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Category archive for: Meg Eden

This Morning I Pray

after Joy Harjo

My cousin is a field I keep coming to

but am afraid to trespass on.

I stand on the edge and look over.

With a shovel I dig out a burial ground.

I don’t ask my cousin’s permission. In it, I pour

all the things I’ve saved that hold the guilt of him:

Pokémon cards, maps of our new civilizations

and forts, trading card contracts, photos

of us sticking our hands in a flame. A weight

inside me lifts. I ask him where his stutter is.

He says, I ate it whole. He says, someone

is ripping down my grandmother’s house. Her

land, where we used to play, sits

on the edge of his field. He shifts

under her foundation, as if tapping

his foot. My cousin says,

you stopped coming over. I say,

you stopped inviting me. Invitation:

an etiquette my mother required of me,

something my cousin has never understood.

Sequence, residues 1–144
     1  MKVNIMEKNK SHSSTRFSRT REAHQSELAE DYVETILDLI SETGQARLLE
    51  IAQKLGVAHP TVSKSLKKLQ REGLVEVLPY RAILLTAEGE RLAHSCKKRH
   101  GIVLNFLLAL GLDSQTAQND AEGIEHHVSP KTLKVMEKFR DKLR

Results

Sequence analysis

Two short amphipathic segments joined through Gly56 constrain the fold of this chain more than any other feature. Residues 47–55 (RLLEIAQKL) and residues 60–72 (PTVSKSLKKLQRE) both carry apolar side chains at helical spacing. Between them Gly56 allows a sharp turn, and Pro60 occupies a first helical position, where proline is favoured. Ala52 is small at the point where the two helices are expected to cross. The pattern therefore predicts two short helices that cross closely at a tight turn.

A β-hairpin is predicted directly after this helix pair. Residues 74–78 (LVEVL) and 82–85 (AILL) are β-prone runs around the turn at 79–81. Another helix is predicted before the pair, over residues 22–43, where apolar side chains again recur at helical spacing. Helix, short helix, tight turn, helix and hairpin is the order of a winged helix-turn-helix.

A week grows on my cousin. Then,

another. I know I should pluck them

like weeds but instead watch them grow,

knowing whatever I say will be the wrong thing.

My cousin has stopped talking to me.

What could I ever say to get him back?

Sometimes I walk his perimeter and try

to remember where we used to build our forts:

I look for familiar patterns, but all the paths

are overgrown, and all the trees begin to look the same.

A new tree is growing on my cousin.

In the light, it’s translucent and full—

I take a picture and carry it with me.

Inside me, I build a new house.

from Poetry Northwest 12.2 Winter & Spring 2018More by Meg Eden from the library

Copyright © Meg Eden
Used with the permission of the author
on behalf of Poetry Northwest.

This program is supported in part by a grant from the Idaho Humanities Council, a State-based program of the National Endowment for the Humanities.

Any views, findings, conclusions, or recommendations expressed in this (publication, website, exhibit, etc.) do not necessarily represent those of the Idaho Humanities Council or the National Endowment for the Humanities.